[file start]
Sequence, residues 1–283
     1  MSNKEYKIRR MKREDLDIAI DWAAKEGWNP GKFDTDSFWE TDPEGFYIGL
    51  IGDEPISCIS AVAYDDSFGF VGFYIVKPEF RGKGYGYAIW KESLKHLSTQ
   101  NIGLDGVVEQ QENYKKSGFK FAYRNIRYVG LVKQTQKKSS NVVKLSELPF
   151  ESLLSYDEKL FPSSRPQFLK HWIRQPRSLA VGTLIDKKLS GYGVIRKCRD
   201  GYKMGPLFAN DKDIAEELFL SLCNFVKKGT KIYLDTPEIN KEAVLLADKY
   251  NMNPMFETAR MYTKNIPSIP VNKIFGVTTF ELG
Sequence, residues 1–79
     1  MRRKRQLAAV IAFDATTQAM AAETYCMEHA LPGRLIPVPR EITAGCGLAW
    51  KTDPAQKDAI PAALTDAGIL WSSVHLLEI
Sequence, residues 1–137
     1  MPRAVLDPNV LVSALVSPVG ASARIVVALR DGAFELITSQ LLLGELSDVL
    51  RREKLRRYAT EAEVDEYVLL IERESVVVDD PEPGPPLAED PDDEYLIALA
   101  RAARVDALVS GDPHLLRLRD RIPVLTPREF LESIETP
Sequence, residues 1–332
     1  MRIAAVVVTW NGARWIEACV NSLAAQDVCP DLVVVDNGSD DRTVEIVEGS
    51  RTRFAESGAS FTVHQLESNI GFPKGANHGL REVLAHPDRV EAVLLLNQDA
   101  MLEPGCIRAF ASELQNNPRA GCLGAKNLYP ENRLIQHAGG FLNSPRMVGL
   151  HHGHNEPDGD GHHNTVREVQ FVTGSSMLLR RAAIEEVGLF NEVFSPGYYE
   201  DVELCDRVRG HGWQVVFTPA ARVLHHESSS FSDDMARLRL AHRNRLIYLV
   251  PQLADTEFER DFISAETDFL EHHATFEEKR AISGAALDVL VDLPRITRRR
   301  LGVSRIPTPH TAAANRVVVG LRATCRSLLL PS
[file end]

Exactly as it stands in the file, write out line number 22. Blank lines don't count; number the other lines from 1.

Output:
   301  LGVSRIPTPH TAAANRVVVG LRATCRSLLL PS